4. Never Trust a Fart. This one goes back to that movie "Along Came Polly" when the infamous combination of fart and shit were combined into one beautiful term: shart. Runners experience this more frequently than they would probably like to admit. When we run, the gut gets sloshed around and the stomach can get cranky. This often results in the need to pass gas or poop. Often times runners will take a chance on a fart, assuming it will only be air. However, there is sometimes a chaser...if you know what I mean. These days, I don't stop for every fart (I'd never finish  run), but I'm damn careful.

5. Dress Like It's 10 Degrees Hotter Outside Than It Is. This means, don't over dress, you idiot. When I first started running I seriously contemplated wearing my down coat. I mean, I do live in Colorado and run in cold temperatures. But as any runner knows, your body temperature heats up quickly and your heart rate soars. This means in no time you will be stripping off the layers. Probably easier to endure 5 minutes of being a bit chilly, than an entire run of sweltering. I learned this little tip by Googling, what to wear when running. There is actually a sweet little tool where you input weather conditions and it tells you what to wear. Just like your mama! Basically this means in the summer you go naked 100% of the time.

6. Shut Up and Run. Hmmm...can't recall who said this one. Basically, this is the mantra to get you out the door. Truly I started this blog because I got so sick of people making excuses for why they didn't do what they said they were going to do (myself included). SUAR means stop your bitching and just do it (<I also made that up). It means stop letting your brain talk you out of things. Get out the door before you even know what you are doing and simply get it done.

7. Don't Assume It's Going to Get Worse. It was my physical therapist who gave me these words of wisdom when I was training for Ironman Florida. He told me that I was going to hit really low points or run into unexpected challenges and that it was imperative that I didn't catastrophize things. I use this mantra all of the time now. When I am in the middle of a ridiculously challenging long run or race, I remind myself that the pain and experience of being in the mental toilet is temporary and that it won't get worse. And, it usually doesn't. 

8. If It Doesn't Feel Right, It Probably Isn't. For a variety of reasons, but mostly because my cousin Sherry was murdered while running, I am hyper vigilant when I'm out there. I make eye contact if someone is looking at me. I pay attention to people sitting in their cars when I run by (and I usually cross the street). I carry my phone. I run with confidence and alertness. If my gut tells me something is wrong, I listen. You can never be too careful.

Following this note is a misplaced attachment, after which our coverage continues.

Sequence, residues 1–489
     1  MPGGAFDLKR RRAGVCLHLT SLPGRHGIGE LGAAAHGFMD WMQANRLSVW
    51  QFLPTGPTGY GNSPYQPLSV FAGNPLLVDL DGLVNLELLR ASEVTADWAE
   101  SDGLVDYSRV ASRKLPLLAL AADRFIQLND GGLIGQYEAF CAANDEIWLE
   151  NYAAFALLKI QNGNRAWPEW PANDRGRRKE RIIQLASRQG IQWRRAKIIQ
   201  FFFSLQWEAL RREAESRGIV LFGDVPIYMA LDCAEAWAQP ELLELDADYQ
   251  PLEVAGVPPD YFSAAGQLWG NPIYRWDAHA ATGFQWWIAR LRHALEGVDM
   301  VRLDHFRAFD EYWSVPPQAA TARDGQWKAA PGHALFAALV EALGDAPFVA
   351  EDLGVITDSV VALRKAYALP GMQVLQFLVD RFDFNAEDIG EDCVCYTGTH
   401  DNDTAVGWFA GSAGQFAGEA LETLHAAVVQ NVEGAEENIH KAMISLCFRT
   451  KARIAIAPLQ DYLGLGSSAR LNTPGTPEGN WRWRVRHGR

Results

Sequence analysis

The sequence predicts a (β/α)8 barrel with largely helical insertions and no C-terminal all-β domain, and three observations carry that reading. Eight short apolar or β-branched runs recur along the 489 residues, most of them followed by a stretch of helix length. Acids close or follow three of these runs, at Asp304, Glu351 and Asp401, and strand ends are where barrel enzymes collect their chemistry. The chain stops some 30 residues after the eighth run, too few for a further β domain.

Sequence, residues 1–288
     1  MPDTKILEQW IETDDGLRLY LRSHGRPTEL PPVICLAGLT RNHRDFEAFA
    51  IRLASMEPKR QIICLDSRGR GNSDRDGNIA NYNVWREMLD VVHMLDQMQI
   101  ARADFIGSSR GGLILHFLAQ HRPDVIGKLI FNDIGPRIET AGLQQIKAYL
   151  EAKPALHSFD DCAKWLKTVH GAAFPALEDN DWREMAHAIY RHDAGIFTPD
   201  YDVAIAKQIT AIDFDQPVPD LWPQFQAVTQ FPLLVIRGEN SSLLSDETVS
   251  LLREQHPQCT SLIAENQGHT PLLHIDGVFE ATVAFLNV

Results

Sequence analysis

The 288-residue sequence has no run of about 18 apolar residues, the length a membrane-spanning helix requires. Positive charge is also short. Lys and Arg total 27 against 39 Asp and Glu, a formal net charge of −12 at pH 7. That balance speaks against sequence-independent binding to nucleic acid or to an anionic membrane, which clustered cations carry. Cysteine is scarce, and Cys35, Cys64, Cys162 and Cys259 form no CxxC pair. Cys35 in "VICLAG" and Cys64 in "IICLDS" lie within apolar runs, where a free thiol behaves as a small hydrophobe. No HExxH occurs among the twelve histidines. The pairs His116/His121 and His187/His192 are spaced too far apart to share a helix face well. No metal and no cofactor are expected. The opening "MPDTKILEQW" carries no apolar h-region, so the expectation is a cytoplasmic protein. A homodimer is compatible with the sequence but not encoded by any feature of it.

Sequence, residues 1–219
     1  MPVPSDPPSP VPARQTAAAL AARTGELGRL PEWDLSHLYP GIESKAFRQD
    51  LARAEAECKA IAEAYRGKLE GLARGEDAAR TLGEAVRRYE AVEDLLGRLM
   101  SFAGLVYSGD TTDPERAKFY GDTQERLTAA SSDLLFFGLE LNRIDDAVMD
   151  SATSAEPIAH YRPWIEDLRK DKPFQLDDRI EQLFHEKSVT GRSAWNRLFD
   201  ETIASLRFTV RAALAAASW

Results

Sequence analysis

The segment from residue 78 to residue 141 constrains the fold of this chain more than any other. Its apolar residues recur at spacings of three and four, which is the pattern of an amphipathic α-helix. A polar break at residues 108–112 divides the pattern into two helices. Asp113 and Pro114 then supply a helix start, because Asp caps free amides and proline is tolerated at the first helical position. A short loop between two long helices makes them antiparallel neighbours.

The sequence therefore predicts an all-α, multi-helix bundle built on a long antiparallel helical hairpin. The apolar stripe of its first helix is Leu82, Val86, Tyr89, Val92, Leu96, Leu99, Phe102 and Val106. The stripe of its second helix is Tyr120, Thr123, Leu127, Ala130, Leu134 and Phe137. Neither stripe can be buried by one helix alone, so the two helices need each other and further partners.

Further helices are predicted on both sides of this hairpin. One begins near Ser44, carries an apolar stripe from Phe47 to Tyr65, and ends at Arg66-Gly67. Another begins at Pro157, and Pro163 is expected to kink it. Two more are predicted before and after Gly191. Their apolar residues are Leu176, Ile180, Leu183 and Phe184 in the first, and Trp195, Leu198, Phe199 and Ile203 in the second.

9. Injuries are Expensive and Depressing.  My first few years of running were plagued by injuries. In hindsight this was because I was doing too much too soon and definitely not listening to my body. I would run with pain, thinking it would go away or that I just had to toughen up. Nope. This is the worst thing you can do. If it hurts, don't ignore it. Take time off.

10. Carry Toilet Paper, Money and a Phone.

Best running tip you've ever gotten?


PS: I'm going to Chicago this weekend and want to run about 8 miles each day. I'm staying downtown on Adams St (JW Marriott). Any advice for where to run?

Thursday, July 7, 2016

Product Review: Ironman Recovery Sandals (aka Happy Hour for Your Feet)

We all have our post-long run or post race rituals -  those things that make us feel a bit human again after we have been beating up our bodies for a few hours.

For me, recovery typically includes coffee (unless it is a race, then beer because...well, it's beer), and some sort of egg thing. My favorite is a fried egg with cheese on an everything bagel and pressed on the panini maker. We call it the "press" around here. As in, "KEN! Make me a freaking press before I miss the window for getting my post-run protein!"

Also - if there is a freezing body of mountain water I will soak in that.

And, then the leg drain. Because it feels good and allows Heidi to spoon my head.

But, probably my most favorite thing to do after a long run or race is put on flip flops. There is something so refreshing about removing those hot, stinky, sweaty shoes and socks and putting on the flops. I think you know what I mean.

Truth be told, the only thing better than your ordinary, boring flip flop is putting on these:

The Ironman Women's Spenco Recovery Sandal.

These are the Mercedes/Lexus/BMW of recovery sandals. They have slight arch support and controls to stop foot odor. The foot bed provides nice, soft, soothing support. They are breathable and lightweight, the opposite of running shoes, which is the point. Just as you wouldn't run in recovery sandals, you shouldn't recover in running shoes.

Since I got these babies I have worn no other shoe after a run. I stick them in my car before driving to the trail head for a long run (like last weekend's 16 miler) and they are waiting for me when I get back, all tired/sore/sweaty. After the impact and stress of running far, these simply make my feet happy.

Here's the order of events:

Run far:

Recover well:

We runners need to care for our feet - bottom line. This includes wearing shoes that minimize the damage of beating up our feet and support recovery.

What's one post long run or race ritual you have?

Do you wear recovery sandals? Why or why not?


Ironman sent me the product for review, but all opinions are my own